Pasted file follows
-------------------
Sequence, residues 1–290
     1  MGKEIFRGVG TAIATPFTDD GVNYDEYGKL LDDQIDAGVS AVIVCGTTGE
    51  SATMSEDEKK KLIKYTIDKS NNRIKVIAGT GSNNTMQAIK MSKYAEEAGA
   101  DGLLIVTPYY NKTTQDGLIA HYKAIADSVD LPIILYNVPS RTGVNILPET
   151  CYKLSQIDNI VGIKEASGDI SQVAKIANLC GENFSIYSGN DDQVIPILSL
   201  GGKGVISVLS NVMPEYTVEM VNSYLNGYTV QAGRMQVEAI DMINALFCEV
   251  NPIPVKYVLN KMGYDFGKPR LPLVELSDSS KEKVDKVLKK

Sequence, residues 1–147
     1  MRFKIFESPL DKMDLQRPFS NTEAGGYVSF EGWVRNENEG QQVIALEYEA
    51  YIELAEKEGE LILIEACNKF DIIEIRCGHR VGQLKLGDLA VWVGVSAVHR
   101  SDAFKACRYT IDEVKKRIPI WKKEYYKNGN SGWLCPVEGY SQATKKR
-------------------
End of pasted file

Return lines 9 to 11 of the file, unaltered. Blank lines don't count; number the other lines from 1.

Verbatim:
     1  MRFKIFESPL DKMDLQRPFS NTEAGGYVSF EGWVRNENEG QQVIALEYEA
    51  YIELAEKEGE LILIEACNKF DIIEIRCGHR VGQLKLGDLA VWVGVSAVHR
   101  SDAFKACRYT IDEVKKRIPI WKKEYYKNGN SGWLCPVEGY SQATKKR